Meme Factories Are Fighting Over Who Gets Credit For A School Shooting In Mexico
An anonymous Facebook group called "Holk Legion" is in the spotlight in Mexico after a teen may have used it to announce his intent to kill.
The news that broke in Mexico on Wednesday morning seemed downright foreign to most people reading it: A shooting had taken place at the Colegio Americano del Noreste in Monterrey.
Soon after, the hashtag #MásMasacresEnMéxico began trending as people shared grief — and began looking for answers.
Some Twitter users eventually came to the conclusion that some kind of weird sect or cult called "Legion Holk" was behind the shooting.
But the Holk Legion isn't a cult. It's not a terrorist organization. It's a Facebook community, filled with memes that eventually make their way onto the mainstream Mexican internet.
All you have to do join is create a fake account — it's a requirement to make sure that communication in these groups is totally anonymous, which leads to some truly awful "jokes."
Think of the horror show that is 4chan with all its terrible people — some of whom take advantage of anonymity to carry out illegal activities — but in Spanish.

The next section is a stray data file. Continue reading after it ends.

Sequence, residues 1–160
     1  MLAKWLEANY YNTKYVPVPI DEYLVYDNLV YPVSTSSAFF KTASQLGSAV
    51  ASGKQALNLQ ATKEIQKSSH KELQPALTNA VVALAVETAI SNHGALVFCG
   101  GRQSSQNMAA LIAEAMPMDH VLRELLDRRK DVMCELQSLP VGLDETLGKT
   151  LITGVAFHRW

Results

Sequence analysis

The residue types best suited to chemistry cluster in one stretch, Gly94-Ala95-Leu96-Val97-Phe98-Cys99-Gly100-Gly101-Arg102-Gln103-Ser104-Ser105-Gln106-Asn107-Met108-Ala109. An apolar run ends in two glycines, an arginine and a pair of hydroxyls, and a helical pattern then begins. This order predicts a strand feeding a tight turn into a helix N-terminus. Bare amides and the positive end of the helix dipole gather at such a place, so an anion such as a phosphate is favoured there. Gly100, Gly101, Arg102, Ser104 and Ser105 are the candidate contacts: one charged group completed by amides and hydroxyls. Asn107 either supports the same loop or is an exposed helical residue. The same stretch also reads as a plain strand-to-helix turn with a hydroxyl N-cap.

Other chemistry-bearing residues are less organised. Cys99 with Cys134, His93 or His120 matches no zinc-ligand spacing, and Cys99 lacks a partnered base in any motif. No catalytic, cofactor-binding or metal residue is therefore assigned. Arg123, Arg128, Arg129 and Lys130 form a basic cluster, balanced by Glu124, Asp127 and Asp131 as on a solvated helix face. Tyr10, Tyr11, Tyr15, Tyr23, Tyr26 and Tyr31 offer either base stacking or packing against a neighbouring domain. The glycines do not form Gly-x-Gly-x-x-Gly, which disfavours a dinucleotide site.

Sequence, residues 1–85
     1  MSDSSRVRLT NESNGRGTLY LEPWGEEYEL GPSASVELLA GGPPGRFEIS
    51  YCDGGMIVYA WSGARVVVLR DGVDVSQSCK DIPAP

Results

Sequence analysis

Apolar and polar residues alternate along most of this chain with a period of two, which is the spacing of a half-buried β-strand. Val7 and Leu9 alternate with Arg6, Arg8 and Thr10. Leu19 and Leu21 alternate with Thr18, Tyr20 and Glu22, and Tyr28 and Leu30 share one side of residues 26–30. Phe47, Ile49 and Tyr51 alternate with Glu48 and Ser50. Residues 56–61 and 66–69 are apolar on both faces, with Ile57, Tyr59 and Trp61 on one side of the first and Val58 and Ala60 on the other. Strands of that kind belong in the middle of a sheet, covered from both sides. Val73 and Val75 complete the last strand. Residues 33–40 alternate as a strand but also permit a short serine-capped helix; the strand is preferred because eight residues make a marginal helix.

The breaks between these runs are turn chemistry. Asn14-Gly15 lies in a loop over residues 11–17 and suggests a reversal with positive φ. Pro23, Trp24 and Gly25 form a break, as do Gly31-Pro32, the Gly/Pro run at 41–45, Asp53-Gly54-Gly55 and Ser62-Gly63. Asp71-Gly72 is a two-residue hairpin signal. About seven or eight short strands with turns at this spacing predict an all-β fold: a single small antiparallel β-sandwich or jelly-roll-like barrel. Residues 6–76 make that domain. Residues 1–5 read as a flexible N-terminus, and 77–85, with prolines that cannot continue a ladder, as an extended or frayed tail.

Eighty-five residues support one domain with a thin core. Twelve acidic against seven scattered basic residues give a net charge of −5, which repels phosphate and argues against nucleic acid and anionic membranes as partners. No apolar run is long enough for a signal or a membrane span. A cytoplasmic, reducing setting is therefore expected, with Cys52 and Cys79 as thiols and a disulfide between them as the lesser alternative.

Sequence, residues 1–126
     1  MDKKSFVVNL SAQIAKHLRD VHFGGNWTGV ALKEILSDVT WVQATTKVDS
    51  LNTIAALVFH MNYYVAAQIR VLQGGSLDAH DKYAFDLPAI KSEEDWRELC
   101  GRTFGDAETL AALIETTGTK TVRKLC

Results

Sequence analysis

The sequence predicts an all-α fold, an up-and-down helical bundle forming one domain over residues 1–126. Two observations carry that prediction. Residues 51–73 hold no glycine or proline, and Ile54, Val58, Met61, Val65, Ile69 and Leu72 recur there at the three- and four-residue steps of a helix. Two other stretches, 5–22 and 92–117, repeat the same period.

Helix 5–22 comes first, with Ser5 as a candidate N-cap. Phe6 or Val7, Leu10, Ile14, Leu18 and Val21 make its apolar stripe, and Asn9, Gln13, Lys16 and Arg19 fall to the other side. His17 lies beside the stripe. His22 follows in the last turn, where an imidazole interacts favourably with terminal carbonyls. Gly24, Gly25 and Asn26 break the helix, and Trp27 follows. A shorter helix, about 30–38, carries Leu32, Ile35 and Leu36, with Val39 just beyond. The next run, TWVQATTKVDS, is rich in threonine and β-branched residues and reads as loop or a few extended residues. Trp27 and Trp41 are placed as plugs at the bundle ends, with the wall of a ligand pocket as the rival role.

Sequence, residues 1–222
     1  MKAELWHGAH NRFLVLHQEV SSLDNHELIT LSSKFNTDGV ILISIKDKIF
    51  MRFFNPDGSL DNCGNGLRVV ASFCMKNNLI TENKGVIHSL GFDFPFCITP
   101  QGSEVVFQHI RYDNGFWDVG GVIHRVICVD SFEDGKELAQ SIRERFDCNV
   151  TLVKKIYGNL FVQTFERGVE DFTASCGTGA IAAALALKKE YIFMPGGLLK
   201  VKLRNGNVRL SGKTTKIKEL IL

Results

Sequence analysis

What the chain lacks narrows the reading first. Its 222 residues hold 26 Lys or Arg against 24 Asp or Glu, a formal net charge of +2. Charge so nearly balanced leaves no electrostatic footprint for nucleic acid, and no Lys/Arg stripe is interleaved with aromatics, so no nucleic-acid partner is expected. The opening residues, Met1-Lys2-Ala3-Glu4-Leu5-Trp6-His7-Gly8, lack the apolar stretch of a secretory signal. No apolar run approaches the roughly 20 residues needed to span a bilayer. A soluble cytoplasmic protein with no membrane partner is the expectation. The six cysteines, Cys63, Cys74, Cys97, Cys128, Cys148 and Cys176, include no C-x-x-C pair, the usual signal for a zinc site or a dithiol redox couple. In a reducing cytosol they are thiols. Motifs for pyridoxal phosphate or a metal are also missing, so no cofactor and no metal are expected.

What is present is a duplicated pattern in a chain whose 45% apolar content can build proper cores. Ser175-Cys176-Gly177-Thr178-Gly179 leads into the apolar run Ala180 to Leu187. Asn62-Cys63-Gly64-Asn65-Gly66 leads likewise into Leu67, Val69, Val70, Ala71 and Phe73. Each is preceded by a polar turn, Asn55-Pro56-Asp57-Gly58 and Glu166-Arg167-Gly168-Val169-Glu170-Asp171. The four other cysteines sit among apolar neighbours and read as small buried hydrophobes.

On Tuesday night at 11:14, a user with the same name as the shooter revealed his plan in the Holk Legion group.
The claim appeared to be backed by a screenshot posted on Twitter, showing a supposed post from the shooter that was posted before the attack took place.
And because the internet is terrible, the boards began arguing about just who can claim credit for the tragedy.
Back on Holk Legion, posters began to pay homage to the shooter. (But grain of salt: This is all posted on a secret forum with no way to check most of the claims that are posted.)
It isn't just random people posting commemorative words: A Holk Legion account on Twitter also praised the shooter.
Addressing the press after the shooting, a state security spokesperson blamed the internet for the tragic act.
This post was translated from Spanish.